Plans underway to restore Rare Inland River Forest Delta in Cork

Published by Dave Brooks on

April 25th, 2016

The ESB, National Parks and Wildlife Services (NPWS), Cork County Council and Inland Fisheries Ireland are exploring options to potentially save a rare river forest in County Cork.

The Gearagh, near Macroom , County Cork, was controversially flooded 60 years ago to provide water for the hydroelectric dams at Inniscarra and Carrigadrohid.

Thousands of native oak and yew trees were chopped down in the flooding and many people were forced to leave their homes. The salmon population on the river, once numbered at around 15,000 in a season, now comes in at closer to 500, partly due to the insufficient ‘fish passes’ in place in the dam, which prevent the same numbers from reaching their spawning grounds further up the river. Prior to the flooding of the area, angling was a key contributor to the local economy in the off-season and the wetlands acted as a flood barrier for the Upper Lee area. This was illustrated by Declan O’ Mahony’s 2014 documentary ‘River Runner’.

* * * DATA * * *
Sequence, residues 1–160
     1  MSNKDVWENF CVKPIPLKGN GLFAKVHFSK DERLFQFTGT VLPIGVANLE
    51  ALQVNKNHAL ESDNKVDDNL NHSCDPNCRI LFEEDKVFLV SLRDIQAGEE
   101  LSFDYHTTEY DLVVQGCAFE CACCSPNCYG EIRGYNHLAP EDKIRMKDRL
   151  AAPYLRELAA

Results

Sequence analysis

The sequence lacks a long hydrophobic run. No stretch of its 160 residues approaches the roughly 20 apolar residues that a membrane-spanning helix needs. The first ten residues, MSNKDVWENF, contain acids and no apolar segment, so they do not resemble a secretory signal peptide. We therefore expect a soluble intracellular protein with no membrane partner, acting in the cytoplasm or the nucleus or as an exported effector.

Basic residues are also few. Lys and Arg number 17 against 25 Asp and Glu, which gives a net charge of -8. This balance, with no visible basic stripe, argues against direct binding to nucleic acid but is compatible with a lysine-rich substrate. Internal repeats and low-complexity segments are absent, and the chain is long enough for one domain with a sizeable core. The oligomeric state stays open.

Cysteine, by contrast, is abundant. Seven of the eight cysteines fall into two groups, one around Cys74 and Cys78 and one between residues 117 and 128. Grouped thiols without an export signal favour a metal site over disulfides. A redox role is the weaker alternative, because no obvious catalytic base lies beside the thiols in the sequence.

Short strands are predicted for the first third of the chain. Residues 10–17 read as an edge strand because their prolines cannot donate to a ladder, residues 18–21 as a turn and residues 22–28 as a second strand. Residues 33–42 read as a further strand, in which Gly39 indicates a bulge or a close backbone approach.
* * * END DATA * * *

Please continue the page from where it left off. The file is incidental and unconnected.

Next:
It is one of four inland forest deltas in the world, and of these, it is said to be in the best condition. There are already signs of the delta making a recovery, according to Kevin Corcoran of the West Cork Ecology Centre, and lowering the level of the water could see the system restored to its former glory in a matter of decades.

Declan O’ Mahony has set up a petition to gain public support for the restoration of the ancient alluvial woodland.

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Dave Brooks

Dave works as Communication Assistant with the Environmental Pillar. His background is in psychology and he has a masters in Environmental Psychology from the University of Surrey.